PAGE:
In 1924, in partnership with prominent Thomasville businessman Tom Finch, Kirkman bought the High Point, Thomasville, & Denton Railroad, which ran successfully as a connector line for the furniture industry under his management until his death in 1930. His son, O. Arthur Kirkman, Jr., 1900-1985, who lived his entire life at 501 West High Street, managed the railroad after the death of his father in 1930 until 1965 when it was sold to the Norfolk-Western and Seaboard Coastline Railroad. The younger Kirkman served in politics as Mayor of High Point in the 1930s, and served several terms on the High Point City Council and as the North Carolina State Senator from Guilford County between 1948 and 1961.[17] While serving in the North Carolina Senate in the 1950s, Kirkman considered running for governor, but declined because of a friend's candidacy. O. Arthur Kirkman, Jr.'s wife, Katharine Morgan Kirkman, was the first woman to be elected to the High Point City Council, serving in the 1950s, and was appointed to the city's Parks and Recreation Commission.[18] Guilford County's Kirkman Park Elementary School on Centennial Drive in High Point is named after this family.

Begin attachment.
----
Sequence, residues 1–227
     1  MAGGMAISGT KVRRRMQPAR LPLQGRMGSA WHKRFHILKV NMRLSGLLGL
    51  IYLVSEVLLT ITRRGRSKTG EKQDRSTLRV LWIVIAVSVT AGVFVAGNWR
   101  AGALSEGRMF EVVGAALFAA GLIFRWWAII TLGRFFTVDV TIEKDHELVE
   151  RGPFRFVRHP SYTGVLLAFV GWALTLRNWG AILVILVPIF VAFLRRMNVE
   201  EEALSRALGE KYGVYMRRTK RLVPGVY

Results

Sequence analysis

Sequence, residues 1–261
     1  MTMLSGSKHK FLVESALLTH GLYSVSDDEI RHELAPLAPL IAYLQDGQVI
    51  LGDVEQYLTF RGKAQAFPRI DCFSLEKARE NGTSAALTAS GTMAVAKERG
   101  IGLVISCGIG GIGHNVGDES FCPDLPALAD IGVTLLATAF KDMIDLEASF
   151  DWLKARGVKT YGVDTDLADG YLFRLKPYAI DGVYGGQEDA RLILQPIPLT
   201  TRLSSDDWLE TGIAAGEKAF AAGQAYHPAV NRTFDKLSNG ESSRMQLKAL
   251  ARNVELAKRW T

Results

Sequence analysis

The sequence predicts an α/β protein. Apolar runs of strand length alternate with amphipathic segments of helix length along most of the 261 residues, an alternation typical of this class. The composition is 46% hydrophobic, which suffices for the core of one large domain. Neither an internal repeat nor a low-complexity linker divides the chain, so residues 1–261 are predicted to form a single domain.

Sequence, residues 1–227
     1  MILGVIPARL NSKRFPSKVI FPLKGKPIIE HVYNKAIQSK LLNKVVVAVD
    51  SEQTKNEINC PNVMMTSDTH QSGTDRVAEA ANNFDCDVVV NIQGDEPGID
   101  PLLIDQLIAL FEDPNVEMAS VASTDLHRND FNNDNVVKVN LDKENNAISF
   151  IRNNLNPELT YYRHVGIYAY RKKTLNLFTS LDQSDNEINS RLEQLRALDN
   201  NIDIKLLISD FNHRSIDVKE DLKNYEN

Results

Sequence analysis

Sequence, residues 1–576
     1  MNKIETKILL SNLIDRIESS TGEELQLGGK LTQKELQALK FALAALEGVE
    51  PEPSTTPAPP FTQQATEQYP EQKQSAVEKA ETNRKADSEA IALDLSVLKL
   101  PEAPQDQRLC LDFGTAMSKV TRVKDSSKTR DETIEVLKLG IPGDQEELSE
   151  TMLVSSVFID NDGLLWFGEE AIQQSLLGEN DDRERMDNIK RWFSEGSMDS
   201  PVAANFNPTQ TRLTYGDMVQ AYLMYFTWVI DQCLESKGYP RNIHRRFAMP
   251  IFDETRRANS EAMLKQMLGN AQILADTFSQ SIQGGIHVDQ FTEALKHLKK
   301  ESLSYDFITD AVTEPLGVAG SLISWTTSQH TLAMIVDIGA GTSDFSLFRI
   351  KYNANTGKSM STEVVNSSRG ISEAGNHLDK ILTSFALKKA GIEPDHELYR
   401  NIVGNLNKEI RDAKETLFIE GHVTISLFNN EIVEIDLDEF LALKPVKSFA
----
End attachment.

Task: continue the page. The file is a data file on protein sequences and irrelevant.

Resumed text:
As the owner of a railroad, O. Arthur Kirkman, Sr. kept a private railroad car on a spur in front of his office at 503 West High Street. Although the private car is now gone, remnants of the spur are still evident. At the time, owners of railroads could hook up their private cars to any train free of charge. In the 1920s, twenty-six passenger trains stopped daily in High Point. Kirkman enjoyed this advantage of railroad ownership and traveled widely by private railroad car until his death in 1930. Kirkman's wife, Lulu "Lula" Blanche Hammer Kirkman (1875-1936) was said to have always kept at least one bag packed.[19]

In his civic life, O. Arthur Kirkman, Sr. served on the first Parks Commission in High Point and for a short term in the late 1920s as a municipal judge.[20].

Throughout the early decades of the twentieth century, population grew in High Point, fueled first by the development of the furniture industry in the 1890s and then by the development of textile manufacturing introduced in 1905. Growing population, along with the first streetcars introduced in 1910, led to the beginnings of suburban growth, which were accelerated later in the 1920s by the increasing availability of automobiles. Population expanded from 14,302 in 1920, to 36,745 in 1930. Downtown residential areas survived alongside this suburban growth until the second era of economic prosperity arrived after World War II. As the furniture market expanded in downtown High Point throughout the 1950s and 1960s, and again in the 1980s and 1990s, the historic domestic architecture of downtown High Point was destroyed to make way for commercial expansion.